SunEdison’s 100MW solar scheme in the Atacama desert in Chile (SunEdison)

Companies

US Solar power giant SunEdison “may declare bankruptcy”

30 March 2016 | By GCR Staff | 0 Comments

SunEdison, the US-based solar power giant, is at “a substantial risk” of bankruptcy, according to one of its own publicly listed subsidiaries.

The statement was made by TerraForm Global, one of two SunEdison’s “yieldcos” – that is, listed companies that hold renewable energy assets and have long-term power purchase deals with utilities.

The statement said SunEdison had “not performed as obligated” with respect to financial reporting, and had not been able to contribute to projects in Uruguay and India. It added: “In addition, due to SunEdison’s liquidity difficulties, there is a substantial risk that SunEdison will soon seek bankruptcy protection.”

TerraForm Global told shareholders that it will join its parent and fellow yieldco TerraForm Power in delaying its own financial report for 2015; they had been due to be filed today (30 March).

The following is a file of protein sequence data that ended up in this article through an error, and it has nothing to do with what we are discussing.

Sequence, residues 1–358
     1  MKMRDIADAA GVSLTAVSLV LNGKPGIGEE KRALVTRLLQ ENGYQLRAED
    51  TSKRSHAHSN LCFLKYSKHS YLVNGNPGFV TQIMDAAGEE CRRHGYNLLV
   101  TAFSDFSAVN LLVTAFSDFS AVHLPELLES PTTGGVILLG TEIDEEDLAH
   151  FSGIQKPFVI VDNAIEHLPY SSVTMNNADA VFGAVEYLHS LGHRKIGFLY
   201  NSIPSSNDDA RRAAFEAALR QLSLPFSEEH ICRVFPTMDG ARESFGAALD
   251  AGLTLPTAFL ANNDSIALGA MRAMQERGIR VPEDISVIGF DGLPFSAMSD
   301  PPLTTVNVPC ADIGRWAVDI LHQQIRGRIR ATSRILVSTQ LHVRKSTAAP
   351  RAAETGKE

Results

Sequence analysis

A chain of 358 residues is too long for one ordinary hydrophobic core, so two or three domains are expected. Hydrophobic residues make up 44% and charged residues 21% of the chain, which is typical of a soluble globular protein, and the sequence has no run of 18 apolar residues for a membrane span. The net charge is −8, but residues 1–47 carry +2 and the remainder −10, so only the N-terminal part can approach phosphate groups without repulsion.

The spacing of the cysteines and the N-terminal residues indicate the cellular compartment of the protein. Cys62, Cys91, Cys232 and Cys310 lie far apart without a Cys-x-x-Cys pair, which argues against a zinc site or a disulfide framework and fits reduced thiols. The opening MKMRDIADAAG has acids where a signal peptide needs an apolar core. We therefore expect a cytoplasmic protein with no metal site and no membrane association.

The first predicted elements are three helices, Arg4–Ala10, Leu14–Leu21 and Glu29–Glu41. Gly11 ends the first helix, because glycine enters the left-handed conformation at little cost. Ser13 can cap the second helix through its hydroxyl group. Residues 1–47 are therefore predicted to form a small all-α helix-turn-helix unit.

At this point, SunEdison has really kinda run out of options– Angelo Zino, analyst with S&P Global Intelligence

Shares in TerraForm Global fell 23% to a record low of $1.92 after the announcement.

SunEdison’s shares, which were hit by a report in the Wall Street Journal on Monday that it was being investigated for overstating its cash position, fell 60% to 50 cents. The company’s market capitalisation has fallen 95% over the past 12 months to about $400m.

SunEdison, which has a turnover of about $2.5bn and describes itself as “the world’s largest renewable energy development company”, is carrying $11.7bn in debt brought by an aggressive acquisition policy. If it were to file for bankruptcy it would be one of the largest non-financial company failures in recent American history.

Angelo Zino, an analyst with S&P Global Intelligence, told the Reuters news agency: “At this point, SunEdison has really kinda run out of options.”

Pavel Molchanov, an analyst at financial adviser Raymond James, said TerraForm Power and TerraForm Global were legally separate companies and would not follow SunEdison into bankruptcy.

“However, there is a close historical relationship between the parent company and these yieldcos and therefore some dislocation in the event of parent bankruptcy should be expected,” he added.

Last July, SunEdison bought the Mark Group, a UK solar power contractor based in Leicester, and announced that it was launching the SunEdison Energy Saver Plan, “which makes it possible for homeowners to save up to 15% on their energy bills without any upfront costs”.

Photograph: SunEdison’s 100MW solar scheme in the Atacama desert in Chile (SunEdison)